A top European Union official has said Greece must provide shelter for 1,500 unaccompanied refugee children, many of whom are held in squalid conditions.
European justice commissioner Vera Jourova told reporters on Monday after a visit to Athens that there are some 3,500 unaccompanied minors in Greece, including over 300 in closed reception centers and another 18 in police custody.
"We still need to create 1,500 places for unaccompanied minors, this is a matter of urgency," media outlets quoted Jourova as saying
The New York-based Human Rights Watch (HRW) last week said refugee children were being held in "deplorable" conditions for over a month on average. The international rights body added that some children were locked up in police cells alongside adults for lack of space.
"This increases the risk of abuse and sexual violence and violates international and national laws requiring the separation of adults from children in detention," the HRW said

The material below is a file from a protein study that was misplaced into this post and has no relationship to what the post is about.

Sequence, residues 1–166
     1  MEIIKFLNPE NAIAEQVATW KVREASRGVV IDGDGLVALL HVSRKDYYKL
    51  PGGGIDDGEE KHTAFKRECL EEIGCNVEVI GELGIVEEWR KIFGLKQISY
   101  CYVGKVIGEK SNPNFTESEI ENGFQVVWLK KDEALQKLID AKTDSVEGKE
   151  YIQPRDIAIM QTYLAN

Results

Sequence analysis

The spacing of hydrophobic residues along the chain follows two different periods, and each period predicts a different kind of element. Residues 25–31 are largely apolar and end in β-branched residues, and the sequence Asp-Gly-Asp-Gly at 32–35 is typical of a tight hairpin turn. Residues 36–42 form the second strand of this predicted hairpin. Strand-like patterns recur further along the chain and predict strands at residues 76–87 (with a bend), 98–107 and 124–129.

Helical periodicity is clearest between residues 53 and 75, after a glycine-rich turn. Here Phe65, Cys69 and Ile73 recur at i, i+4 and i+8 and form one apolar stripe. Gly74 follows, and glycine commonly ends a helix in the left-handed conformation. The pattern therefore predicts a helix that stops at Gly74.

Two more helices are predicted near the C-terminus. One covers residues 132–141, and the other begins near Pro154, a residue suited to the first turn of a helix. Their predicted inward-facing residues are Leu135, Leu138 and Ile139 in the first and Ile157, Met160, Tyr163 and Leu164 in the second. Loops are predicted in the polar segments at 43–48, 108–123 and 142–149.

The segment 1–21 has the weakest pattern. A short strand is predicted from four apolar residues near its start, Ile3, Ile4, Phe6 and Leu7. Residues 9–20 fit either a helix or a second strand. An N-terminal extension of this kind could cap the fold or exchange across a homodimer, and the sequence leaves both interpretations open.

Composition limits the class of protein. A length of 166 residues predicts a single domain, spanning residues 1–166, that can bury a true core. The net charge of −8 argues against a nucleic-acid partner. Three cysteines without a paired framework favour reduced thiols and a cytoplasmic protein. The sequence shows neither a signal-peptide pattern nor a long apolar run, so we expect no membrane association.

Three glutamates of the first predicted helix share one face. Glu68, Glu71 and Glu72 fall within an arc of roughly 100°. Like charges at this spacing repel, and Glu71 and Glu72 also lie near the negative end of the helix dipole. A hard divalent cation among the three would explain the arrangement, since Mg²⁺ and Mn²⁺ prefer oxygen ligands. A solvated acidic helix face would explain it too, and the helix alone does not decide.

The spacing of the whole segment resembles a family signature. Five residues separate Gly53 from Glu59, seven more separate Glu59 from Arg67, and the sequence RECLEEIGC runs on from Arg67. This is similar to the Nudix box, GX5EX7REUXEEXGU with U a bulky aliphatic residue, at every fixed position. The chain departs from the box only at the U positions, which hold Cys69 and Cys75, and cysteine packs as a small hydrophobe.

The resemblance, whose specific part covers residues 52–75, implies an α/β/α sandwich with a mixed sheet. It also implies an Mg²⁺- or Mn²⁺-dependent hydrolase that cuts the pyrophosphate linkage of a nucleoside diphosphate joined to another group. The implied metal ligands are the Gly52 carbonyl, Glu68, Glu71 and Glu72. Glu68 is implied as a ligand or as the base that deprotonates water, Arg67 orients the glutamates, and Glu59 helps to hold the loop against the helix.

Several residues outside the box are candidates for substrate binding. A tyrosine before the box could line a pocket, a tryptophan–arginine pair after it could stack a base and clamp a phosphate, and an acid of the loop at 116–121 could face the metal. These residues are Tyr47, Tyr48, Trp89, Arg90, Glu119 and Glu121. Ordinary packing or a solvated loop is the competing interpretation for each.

Greek Prime Minister Alexis Tsipras at a news conference over the weekend said that while numbers were declining Europe must do more to resettle refugees.
The EU has said it would give Greece an additional 115 million euros (USD 129 million) to improve conditions in its refugee camps.
The Greek government says it will enroll some 18,000 refugee children in schools from the end of September.
Some 60,000 people are currently stuck in Greece after several European states further north shut their borders earlier this year.
Athens government is still struggling to cope with the refugee crisis despite a deal between the EU and Turkey designed to reduce the numbers of people crossing by boat to the Greek islands. The process of either returning them to Turkey, or moving them elsewhere in the EU, has virtually ground to a halt.
According to the UN refugee agency, some 204,000 refugees crossed the Mediterranean to Europe in the first half of 2016.
The number of the refugees who died at sea while trying to reach Europe since the beginning of this year has increased by some 50 percent compared to the same period in 2015, standing at over 3,000.
Europe is facing an unprecedented influx of refugees, most of whom are fleeing conflict-ridden zones in Africa and the Middle East, particularly Syria. The conflicts they are fleeing are usually instigated by the very same European and non-European countries they seek to finally settle in.